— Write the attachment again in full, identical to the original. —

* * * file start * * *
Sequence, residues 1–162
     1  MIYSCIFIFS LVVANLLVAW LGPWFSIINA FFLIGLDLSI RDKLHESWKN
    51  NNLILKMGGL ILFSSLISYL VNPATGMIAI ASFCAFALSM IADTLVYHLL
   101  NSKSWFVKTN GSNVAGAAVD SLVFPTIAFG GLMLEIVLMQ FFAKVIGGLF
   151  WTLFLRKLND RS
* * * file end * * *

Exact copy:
Sequence, residues 1–162
     1  MIYSCIFIFS LVVANLLVAW LGPWFSIINA FFLIGLDLSI RDKLHESWKN
    51  NNLILKMGGL ILFSSLISYL VNPATGMIAI ASFCAFALSM IADTLVYHLL
   101  NSKSWFVKTN GSNVAGAAVD SLVFPTIAFG GLMLEIVLMQ FFAKVIGGLF
   151  WTLFLRKLND RS